My own view is that America is exceptional because there used to be so much room in its thinly-populated wilderness for anti-social European misfits. I believe that American exceptionalism is a disorder from which the nation is far from recovering.
Thinking very hard, for various reasons, about feminism, I more and more want to bury the term in scare quotes and declare that we simply don’t know what it refers to. It seems more profitable to consider what feminism isn’t, what its constellation of ideas does not include. The first thing that comes to mind is competition.
In other entries, I’ve argued that pure capitalism is very important to a healthy economic life, but only in small doses and special cases. There is a vital interlacing between capitalism and innovation that keeps the economic edge sharp. But only the edge. Mature businesses do not thrive in capitalist excitement. That’s why I argue for more not-for-profit business organizations. Please tell me what is competitive, in a good way, about the supply of electric power. You can’t. The competition — the innovation, funded by capitalist speculation — was settled long ago, while Thomas Edison was still alive. Quick readers will note that I have folded “competition” into the captialist-innovation matrix. And that is indeed where I think it belongs.
The worst thing about prioritizing competition is the laziness that it encourages. I’m not being paradoxical. Competition, with its markers and its metrics, reduces the complications of personal performance to a few standard measurements. Did the tenor hit the high notes? That’s a much easier criterion to agree on than the far more important issue of a singer’s musicality. But the high notes are exceptional; most of the time, the singer is concerned not with freakish display but with tying ordinary notes together either tightly or loosely, as taste dictates. Similarly, there is nothing in genuine scholastic achievement that can be measured. Testing creates a wholly bogus region of accomplishment. Judgments of academic excellence are subject to dispute, a necessary inconvenience. Examinations sidestep the problem, but to no truly constructive purpose.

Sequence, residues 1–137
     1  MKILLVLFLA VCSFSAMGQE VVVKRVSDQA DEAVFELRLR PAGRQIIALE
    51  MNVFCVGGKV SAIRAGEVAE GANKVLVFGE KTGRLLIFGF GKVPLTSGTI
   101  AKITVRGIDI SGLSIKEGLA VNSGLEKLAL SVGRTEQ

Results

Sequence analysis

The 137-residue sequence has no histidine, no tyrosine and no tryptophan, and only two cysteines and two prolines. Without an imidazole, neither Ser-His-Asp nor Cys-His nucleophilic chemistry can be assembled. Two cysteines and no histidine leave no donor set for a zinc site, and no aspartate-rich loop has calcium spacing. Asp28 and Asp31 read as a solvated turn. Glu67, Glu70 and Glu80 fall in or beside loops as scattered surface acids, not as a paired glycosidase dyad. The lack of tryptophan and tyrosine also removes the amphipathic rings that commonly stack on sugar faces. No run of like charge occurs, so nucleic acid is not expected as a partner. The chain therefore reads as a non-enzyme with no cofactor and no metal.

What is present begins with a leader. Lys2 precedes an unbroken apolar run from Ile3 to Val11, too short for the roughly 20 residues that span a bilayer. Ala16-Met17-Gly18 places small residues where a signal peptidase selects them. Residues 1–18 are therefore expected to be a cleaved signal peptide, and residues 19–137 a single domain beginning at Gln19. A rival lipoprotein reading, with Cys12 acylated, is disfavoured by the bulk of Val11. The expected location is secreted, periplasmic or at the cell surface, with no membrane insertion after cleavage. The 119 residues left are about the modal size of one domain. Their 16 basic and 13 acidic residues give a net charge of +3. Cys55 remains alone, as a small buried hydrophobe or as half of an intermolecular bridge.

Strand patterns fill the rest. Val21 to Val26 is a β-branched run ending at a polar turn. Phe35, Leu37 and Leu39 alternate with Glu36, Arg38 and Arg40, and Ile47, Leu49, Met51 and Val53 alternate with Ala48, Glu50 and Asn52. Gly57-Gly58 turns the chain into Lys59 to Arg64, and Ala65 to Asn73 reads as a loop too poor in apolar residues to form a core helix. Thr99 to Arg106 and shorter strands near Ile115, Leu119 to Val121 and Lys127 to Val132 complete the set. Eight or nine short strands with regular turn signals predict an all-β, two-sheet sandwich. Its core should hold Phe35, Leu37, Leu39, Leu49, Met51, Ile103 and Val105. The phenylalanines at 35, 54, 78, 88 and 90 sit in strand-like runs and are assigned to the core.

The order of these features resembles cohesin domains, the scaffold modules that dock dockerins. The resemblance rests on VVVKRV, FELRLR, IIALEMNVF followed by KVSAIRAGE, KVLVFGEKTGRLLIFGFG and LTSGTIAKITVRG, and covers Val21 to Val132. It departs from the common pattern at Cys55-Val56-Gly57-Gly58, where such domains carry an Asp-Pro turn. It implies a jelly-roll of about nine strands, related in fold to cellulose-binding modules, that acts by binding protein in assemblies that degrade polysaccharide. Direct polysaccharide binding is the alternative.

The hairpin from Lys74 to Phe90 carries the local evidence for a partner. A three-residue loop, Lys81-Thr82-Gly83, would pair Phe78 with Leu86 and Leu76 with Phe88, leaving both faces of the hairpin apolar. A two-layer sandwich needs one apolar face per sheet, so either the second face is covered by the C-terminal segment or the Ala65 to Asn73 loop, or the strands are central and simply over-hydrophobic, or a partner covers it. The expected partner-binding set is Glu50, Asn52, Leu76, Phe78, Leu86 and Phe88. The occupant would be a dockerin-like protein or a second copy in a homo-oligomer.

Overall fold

And as to commerce, it is no longer doubtable that the objective of every successful business is to narrow the field of competition to the vanishing point.
The humanist objection to the excessive emphasis on competition is that most people are insulted by it. Most people are not competitors. Most people are, by definition, close to mediocre. Most people need some kind of help from other people. Most of all, they need respect for their ordinariness. I can see that Tyler Cowen wants an America that, like Lake Wobegon, is above-average.
What this exercise teaches me is that feminism is not so much about allowing women to compete and excel as it is about creating a thriving society of dignified individuals.